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Where should a child’s passport live?

When parents separate the issues that usually require the courts intervention are where a child will live and what time a child will spend with an absent parent.

However, one question that is on the rise is “where should a child’s passport live?”

If parties are/were married or an unmarried father’s name is registered on a child’s birth certificate that father will automatically acquire parental responsibility. In such cases, where one parent wishes to take their children abroad the consent of all parties with parental responsibility is required and should not be unreasonably withheld. Giving consent however is one thing; as without a passport a child cannot leave the country. The law as it stands does not provide for where a child’s passport should live in the event of their parents’ separation. The consequences of this are that some children are being prevented from travelling, often at the last minute.

Actions of a parent like this can result in urgent applications being made to the court for the surrender of a child’s passport at the eleventh hour. Those that run out of time, or are unsuccessful, suffer not only the cost of a failed holiday but potentially the additional financial burden of making an application to the Court; not to mention the emotional torture of having to explain to their child that they can’t go after all.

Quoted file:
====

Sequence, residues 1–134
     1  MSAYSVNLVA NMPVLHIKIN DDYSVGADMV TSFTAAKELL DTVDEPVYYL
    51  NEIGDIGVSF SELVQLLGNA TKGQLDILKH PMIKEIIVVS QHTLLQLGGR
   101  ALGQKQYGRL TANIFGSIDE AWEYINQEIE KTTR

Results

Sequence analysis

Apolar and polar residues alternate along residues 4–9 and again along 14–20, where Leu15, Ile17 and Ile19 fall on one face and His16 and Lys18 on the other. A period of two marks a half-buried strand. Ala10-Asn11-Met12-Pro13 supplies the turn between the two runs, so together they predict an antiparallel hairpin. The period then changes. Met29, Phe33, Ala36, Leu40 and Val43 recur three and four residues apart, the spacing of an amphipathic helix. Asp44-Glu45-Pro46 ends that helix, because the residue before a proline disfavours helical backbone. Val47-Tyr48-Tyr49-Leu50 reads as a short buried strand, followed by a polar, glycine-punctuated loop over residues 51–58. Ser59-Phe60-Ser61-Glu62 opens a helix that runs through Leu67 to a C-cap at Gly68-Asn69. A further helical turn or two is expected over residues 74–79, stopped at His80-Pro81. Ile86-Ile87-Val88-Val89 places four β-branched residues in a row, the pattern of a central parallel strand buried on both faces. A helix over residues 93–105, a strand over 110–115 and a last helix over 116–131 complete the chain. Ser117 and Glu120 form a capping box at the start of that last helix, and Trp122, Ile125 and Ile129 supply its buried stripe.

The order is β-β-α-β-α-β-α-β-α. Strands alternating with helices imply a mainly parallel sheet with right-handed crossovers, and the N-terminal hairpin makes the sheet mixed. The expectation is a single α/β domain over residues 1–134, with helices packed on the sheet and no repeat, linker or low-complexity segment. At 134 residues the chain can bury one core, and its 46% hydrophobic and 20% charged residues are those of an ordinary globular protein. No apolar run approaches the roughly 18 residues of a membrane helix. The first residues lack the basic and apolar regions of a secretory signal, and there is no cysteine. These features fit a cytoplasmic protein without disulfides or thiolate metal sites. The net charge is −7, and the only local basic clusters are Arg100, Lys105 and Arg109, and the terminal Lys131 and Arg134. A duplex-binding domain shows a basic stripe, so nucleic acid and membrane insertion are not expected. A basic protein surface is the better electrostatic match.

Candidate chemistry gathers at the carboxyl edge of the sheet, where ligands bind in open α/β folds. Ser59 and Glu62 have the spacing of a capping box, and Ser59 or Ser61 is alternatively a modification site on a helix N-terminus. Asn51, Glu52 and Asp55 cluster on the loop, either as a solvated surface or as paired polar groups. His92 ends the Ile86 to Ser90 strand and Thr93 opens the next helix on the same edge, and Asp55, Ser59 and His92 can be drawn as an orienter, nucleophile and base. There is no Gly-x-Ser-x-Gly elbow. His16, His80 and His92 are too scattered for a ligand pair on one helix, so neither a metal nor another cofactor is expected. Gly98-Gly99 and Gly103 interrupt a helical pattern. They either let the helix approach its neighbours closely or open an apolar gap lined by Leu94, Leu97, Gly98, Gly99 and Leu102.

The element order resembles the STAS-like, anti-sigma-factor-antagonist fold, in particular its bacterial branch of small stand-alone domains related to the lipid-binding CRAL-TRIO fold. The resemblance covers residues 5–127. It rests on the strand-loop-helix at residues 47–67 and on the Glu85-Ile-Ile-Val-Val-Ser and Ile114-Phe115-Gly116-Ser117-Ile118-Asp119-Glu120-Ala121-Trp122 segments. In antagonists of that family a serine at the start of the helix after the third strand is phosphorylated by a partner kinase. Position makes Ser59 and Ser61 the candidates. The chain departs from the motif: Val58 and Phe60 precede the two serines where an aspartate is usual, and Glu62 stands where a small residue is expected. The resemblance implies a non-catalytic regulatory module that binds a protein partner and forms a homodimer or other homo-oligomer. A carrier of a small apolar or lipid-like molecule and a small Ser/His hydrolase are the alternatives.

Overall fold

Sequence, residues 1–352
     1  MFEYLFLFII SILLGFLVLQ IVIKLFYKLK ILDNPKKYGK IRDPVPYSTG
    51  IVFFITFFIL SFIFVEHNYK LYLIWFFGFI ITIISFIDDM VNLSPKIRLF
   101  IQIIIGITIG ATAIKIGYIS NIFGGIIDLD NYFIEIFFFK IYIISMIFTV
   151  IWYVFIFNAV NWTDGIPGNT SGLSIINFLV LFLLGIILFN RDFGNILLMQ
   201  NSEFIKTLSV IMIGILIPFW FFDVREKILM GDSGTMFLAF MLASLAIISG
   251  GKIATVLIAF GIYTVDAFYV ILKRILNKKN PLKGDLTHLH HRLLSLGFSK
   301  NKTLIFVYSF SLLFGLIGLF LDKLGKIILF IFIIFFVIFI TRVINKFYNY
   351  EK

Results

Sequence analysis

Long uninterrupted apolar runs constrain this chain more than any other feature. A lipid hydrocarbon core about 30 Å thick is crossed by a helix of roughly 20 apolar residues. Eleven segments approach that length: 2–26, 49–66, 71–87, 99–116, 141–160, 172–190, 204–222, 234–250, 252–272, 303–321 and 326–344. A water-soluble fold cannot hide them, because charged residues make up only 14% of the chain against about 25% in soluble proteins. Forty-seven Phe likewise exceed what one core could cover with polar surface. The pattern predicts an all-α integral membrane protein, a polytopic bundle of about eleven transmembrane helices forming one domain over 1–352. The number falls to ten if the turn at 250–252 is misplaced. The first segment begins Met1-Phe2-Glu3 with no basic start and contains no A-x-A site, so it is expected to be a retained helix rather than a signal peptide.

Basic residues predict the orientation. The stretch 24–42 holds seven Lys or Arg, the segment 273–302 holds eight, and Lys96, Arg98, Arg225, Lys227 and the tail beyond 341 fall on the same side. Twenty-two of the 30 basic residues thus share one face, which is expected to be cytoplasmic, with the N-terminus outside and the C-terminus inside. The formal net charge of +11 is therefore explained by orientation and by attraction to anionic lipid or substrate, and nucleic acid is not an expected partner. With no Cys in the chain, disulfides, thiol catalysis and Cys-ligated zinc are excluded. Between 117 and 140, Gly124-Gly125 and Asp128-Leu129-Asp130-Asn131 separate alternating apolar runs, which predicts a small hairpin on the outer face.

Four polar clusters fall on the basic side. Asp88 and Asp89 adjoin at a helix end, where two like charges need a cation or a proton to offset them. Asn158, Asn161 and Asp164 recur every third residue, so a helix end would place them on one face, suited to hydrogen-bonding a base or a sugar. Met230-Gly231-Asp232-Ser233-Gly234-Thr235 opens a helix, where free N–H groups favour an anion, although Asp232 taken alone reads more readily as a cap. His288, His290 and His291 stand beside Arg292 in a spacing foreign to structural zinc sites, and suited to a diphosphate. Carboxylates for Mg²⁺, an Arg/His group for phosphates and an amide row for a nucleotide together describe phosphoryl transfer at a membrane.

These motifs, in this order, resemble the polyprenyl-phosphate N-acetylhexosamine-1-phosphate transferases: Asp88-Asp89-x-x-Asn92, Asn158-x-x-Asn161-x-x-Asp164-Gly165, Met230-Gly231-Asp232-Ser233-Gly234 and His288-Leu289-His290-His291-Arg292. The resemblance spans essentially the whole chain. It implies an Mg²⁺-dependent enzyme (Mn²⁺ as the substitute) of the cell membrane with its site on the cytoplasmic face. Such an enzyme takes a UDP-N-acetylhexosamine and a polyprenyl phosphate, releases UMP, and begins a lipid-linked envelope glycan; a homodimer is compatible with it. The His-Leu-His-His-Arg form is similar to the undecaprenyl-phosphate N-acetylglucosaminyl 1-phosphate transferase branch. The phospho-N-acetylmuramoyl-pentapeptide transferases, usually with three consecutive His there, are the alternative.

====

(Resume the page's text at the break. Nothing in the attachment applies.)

Some parents secure orders in relation to their children which reflect what the arrangements will be for the surrender of a child’s passport but even then, despite carefully crafted orders, creative excuses are used such as the passport is lost, damaged or stolen just hours before a trip, making it impossible to rectify the situation before the planned departure.

Some parents may find themselves desperate to resolve this situation and consequently make concessions in respect of other arrangements such as where a child will be over Christmas, birthdays or for financial demands.

Sometimes there may be genuine reasons why travel should not take place but can it genuinely be said that depriving your child of a holiday is in their best interests?

Anyone finding themselves in such a situation, or fear that such a situation may arise, should seek advice at the earliest opportunity. Don’t leave it to the last minute as last minute deals may not always be available when negotiating with your former partner.

Do you have issues with arrangements for your child following separation? Call and speak to our highly experienced team today – 01302 320621 or email info@athertongodfrey.co.uk